Resistant gut bacteria will not go away by themselves

Jun 19, 2007

E. coli bacteria that have developed resistance to antibiotics will probably still be around even if we stop using antibiotics, as these strains have the same good chance as other bacteria of continuing to colonise the gut, according to a thesis at the Sahlgrenska Academy.

E. coli bacteria are found naturally in large quantities in our intestines. These bacteria do not normally cause disease, but there are several strains that can result in diarrhoea. In serious cases, they can also cause peritonitis and septicaemia.

The faeces of 128 Swedish infants were analysed in the studies underlying the thesis. The results show that 21% of E. coli strains in these infants’ gut flora were resistant to at least one type of antibiotic. Even children who had never been given antibiotics had resistant bacterial strains in their intestines.

“This is a growing problem, and it’s serious even when ordinary harmless bacteria develop resistance, as these genes can be transferred to more harmful bacteria,” says microbiologist Nahid Karami.

Many had thought that resistant bacteria would disappear if the use of antibiotics were to be reduced, but the thesis shows that E. coli strains carrying resistance genes are just as good at colonising the gut for long periods as sensitive strains.

”Our research suggests that there’s little cost to the bacteria from carrying a resistance gene, and this presumably means that this resistance will be retained for a long time by the bacteria in our gut flora even if we stop using antibiotics,” says Karami.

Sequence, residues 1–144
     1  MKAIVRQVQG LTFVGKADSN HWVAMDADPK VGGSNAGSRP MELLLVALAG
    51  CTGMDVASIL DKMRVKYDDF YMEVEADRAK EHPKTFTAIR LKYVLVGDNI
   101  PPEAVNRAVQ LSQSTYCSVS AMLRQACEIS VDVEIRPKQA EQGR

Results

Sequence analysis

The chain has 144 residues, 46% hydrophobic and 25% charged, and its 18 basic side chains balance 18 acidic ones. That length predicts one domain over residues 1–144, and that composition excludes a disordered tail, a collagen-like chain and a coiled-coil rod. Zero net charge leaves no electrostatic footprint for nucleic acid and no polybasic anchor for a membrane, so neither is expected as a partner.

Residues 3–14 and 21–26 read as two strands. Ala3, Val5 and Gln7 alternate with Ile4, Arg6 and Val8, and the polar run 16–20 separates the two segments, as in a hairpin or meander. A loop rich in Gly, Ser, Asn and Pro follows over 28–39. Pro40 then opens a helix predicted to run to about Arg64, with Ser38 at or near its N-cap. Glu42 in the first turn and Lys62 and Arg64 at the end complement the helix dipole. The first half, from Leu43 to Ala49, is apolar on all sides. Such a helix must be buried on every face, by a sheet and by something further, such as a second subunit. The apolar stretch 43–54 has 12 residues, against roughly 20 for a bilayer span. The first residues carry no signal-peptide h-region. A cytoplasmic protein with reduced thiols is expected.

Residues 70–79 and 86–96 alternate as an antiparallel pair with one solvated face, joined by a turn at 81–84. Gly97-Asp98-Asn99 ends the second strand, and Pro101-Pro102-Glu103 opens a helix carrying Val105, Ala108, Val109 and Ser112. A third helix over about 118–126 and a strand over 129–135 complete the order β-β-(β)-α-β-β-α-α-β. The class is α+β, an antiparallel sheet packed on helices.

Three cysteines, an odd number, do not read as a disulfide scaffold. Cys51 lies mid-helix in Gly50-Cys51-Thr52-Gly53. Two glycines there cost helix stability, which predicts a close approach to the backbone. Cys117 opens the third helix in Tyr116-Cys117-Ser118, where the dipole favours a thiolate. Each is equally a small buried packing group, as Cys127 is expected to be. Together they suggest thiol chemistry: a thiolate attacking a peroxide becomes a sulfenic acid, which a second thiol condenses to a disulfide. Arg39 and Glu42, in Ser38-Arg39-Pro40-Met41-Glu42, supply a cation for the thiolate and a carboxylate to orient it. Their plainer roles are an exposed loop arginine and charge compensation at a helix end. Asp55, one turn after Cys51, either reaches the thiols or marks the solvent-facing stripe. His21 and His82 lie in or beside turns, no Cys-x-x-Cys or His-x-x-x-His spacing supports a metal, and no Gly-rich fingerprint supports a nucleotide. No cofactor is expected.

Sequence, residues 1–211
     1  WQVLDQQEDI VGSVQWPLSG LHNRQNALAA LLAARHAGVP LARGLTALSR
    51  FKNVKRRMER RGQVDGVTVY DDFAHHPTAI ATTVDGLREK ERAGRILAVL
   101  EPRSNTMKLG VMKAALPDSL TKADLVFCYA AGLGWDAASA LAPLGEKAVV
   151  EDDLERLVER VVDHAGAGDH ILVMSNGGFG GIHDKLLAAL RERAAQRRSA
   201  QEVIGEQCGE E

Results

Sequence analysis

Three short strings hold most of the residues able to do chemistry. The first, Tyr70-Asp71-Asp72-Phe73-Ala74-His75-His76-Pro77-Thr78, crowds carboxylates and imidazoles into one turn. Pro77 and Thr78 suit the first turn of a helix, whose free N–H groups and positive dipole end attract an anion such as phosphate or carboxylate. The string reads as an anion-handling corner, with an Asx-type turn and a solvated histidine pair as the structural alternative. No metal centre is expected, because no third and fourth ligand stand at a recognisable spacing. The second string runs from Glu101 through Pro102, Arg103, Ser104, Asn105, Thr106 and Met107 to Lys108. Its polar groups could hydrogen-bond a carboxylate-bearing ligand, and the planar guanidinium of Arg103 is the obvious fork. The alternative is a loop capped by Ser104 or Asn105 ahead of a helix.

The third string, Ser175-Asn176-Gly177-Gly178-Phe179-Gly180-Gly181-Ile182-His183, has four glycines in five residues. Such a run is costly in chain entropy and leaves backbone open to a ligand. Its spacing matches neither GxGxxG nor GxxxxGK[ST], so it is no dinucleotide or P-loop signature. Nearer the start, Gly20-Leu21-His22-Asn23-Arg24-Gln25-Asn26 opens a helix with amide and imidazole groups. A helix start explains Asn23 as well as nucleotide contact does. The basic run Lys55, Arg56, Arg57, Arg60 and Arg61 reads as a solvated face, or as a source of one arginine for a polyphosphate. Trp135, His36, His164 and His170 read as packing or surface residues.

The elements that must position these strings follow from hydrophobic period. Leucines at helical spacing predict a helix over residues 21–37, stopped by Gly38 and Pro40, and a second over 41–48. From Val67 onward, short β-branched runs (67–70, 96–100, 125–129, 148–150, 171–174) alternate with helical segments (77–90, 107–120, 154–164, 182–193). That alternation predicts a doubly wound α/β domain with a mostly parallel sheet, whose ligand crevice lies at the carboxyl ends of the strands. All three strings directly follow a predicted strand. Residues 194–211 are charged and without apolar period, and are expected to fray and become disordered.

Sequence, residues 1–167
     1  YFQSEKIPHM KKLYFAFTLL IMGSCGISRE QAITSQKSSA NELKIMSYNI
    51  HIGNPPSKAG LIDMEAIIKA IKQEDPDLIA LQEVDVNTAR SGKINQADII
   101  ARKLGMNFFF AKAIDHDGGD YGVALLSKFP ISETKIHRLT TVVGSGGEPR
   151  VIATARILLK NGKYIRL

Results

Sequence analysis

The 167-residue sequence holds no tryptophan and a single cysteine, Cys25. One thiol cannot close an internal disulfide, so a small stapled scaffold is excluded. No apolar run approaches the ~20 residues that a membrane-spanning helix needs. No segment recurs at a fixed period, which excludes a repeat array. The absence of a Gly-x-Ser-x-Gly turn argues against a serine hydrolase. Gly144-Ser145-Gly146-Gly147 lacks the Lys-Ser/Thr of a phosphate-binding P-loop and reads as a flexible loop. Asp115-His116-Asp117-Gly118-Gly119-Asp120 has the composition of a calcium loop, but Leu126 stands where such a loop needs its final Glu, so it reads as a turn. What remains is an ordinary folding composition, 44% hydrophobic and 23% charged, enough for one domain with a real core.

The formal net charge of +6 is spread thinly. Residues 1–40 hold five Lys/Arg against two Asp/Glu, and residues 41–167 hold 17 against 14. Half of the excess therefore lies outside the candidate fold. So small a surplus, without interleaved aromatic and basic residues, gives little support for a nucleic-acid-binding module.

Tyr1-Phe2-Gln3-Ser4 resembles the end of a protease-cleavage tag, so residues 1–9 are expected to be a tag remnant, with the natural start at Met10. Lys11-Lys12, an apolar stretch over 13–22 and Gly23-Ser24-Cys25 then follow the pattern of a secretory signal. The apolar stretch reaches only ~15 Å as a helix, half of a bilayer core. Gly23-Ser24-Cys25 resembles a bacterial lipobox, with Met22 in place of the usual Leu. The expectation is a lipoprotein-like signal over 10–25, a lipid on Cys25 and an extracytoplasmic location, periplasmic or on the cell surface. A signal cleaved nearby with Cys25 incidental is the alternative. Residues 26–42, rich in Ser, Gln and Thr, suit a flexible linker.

Bacteria have a natural ability to absorb and transfer resistance genes to other bacteria. The study discovered two cases of such transfers between E. coli strains found simultaneously in a child’s intestines. The first was in an infant who was treated with penicillin, and the second in an infant who was not treated with antibiotics.

“Our results suggest that the transfer of resistance genes in the gut flora may be very common, which makes the resistance issue much more serious, as genes can easily be transferred from bacteria in the normal flora to more harmful bacteria,” says Karami.

Source: Swedish Research Council

Explore further: Ultrasound enhancement provides clarity to damaged tendons, ligaments

add to favorites email to friend print save as pdf

Related Stories

Battling superbugs with gene-editing system

16 hours ago

In recent years, new strains of bacteria have emerged that resist even the most powerful antibiotics. Each year, these superbugs, including drug-resistant forms of tuberculosis and staphylococcus, infect ...

'Immortal' flatworms may be a weapon against bacteria

Sep 11, 2014

A novel mode of defense against bacteria such as the causal agent of tuberculosis or Staphylococcus aureus has been identified in humans by studying a small, aquatic flatworm, the planarian. This discovery ...

Bacteria harbor secret weapons against antibiotics

Sep 09, 2014

The ability of pathogenic bacteria to evolve resistance to antibiotic drugs poses a growing threat to human health worldwide. And scientists have now discovered that some of our microscopic enemies may be ...

Recommended for you

A better way to track emerging cell therapies using MRIs

Sep 19, 2014

Cellular therapeutics – using intact cells to treat and cure disease – is a hugely promising new approach in medicine but it is hindered by the inability of doctors and scientists to effectively track the movements, destination ...

User comments : 0